Numerous honors were bestowed upon Cavanaugh in addition to the AJCC Distinguished Service Award. These included:
2000 - Ohio Agricultural Hall of Fame
1993 - National Pedigreed Livestock Council, Distinguished Service Award
1992 - World Jersey Cattle Bureau, Distinguished Service Award
1987 - National Association of Animal Breeders, Distinguished Service Award
1984 - National Society of Livestock Records Association, Distinguished Service Award
1984 - National DHIA, Distinguished Service Award
1982 - Kansas State University, Distinguished Service in Agriculture
1978 - National Dairy Shrine, Guest of Honor
1977 - World Dairy Expo, Inc., Man of the Year
1976 - Kansas Interbreed Dairy Council, Certificate of Honor, Kansas Dairy Leaders
1975 - The American Dairy Science Association, Distinguished Service Award
1975 - The American Jersey Cattle Club, Lifetime Membership
1971 - Commonwealth of Kentucky, Kentucky Colonel
1968 - The Ohio State University, Dairy Science Hall of Service
1964 - The Borden Company, Certificate of Appreciation
His passion in later years was to edit the “Gotham Herdsman” books and newsletters, chronicling the lives of the Borden Boys, the college students who cared for the dairy cows of all breeds displayed in the Borden’s Dairy World of Tomorrow exhibit at the 1939 World’s Fair.
In 1999, he was present for Elsie’s 60th
Anniversary and Birthday Bash in Bryant Park, New York City, then again in June of 2007 for the 150th
Anniversary of the Borden Company and to celebrate the donation of Borden Boys’ personal memorabilia to the Smithsonian’s National Museum of American History. During his 2007 visit to New York City, The New York Times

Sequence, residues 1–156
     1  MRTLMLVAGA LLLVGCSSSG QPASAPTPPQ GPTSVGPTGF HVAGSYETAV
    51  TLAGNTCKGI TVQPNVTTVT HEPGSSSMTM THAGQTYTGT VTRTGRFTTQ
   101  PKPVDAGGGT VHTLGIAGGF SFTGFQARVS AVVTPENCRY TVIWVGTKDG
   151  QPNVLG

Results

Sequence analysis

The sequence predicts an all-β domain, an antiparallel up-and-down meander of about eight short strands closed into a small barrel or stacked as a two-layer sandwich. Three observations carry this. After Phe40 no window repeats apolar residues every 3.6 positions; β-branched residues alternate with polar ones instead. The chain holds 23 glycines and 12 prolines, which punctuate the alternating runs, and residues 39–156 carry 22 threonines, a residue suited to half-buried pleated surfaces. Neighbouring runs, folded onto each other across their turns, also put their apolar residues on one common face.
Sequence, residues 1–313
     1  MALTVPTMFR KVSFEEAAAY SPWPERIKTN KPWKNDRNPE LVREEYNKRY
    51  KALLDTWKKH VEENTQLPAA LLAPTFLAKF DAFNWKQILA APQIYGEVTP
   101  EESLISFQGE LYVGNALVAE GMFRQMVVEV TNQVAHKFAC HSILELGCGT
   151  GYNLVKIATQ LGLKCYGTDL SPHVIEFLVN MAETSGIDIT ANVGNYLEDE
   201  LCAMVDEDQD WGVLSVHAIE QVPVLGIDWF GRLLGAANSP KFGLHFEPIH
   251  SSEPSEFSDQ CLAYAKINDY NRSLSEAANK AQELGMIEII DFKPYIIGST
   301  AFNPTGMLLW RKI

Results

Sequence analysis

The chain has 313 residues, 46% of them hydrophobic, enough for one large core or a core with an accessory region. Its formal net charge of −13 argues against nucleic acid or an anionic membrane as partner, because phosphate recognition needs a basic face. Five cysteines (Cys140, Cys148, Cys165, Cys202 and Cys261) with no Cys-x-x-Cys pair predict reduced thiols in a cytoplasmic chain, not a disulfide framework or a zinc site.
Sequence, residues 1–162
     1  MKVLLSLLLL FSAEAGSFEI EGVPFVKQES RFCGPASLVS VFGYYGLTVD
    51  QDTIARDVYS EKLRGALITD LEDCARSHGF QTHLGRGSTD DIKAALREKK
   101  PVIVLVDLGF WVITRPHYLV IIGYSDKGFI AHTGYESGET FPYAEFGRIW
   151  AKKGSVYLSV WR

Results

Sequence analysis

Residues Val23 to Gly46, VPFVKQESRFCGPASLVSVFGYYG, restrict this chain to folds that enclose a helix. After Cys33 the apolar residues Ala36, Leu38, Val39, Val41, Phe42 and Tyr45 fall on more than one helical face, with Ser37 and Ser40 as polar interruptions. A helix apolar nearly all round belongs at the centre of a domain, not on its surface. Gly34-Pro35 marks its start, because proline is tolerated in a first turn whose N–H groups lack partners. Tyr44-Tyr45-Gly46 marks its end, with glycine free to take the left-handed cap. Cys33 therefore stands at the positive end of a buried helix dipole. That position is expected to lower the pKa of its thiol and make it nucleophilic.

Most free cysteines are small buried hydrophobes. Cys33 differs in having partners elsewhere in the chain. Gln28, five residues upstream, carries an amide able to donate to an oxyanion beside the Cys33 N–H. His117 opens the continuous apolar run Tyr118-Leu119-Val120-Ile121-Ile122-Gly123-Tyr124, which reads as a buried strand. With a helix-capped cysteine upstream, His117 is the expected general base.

profiled the lifetime love affair between Jim Cavanaugh and Elsie, who he helped bring to life in bovine form at the 1939 World’s Fair.
Jim and Virginia “Ginny” Allen were married on April 22, 1946. They shared 59 years of marriage and lived in their Columbus home from 1949 until her death in January of 2006 at age 88. Her support was publically acknowledged by Jim in the response he made at the presentation of the AJCC Distinguished Service Award. “She played both mother and father to our four children. She managed the household, the finances and represented the family where necessary in civic, church, neighborhood and school affairs. She physically did the lawn and garden work, interior and exterior painting and the house and still managed to play in the championship flight at our military gold club for a dozen years.”
Jim Cavanaugh is survived by sons and daughters-in-law, Michael and Susan Cavanaugh of Arlington VA, Paul and Jean Cavanaugh of Columbus, Kevin and Joan Cavanaugh of Raleigh NC; and daughter and son-in-law, Gerald and Mary Manley of Columbus; grandchildren, James, Thomas, Matthew, Scott and Daniel Cavanaugh, Patrick Manley, and Kate Caress; great-grandchildren, Jessica, Nathan, Jordan Cavanaugh, and Russell Caress. He was a 63-year member of St. Catharine Parish, where a funeral mass will be conducted Friday, April 9.
At the request of the family, in lieu of flowers, memorials can be made to The J.F. Cavanaugh Fund of the AJCC Research Foundation, 6486 E. Main Street, Reynoldsburg OH 43068-2362.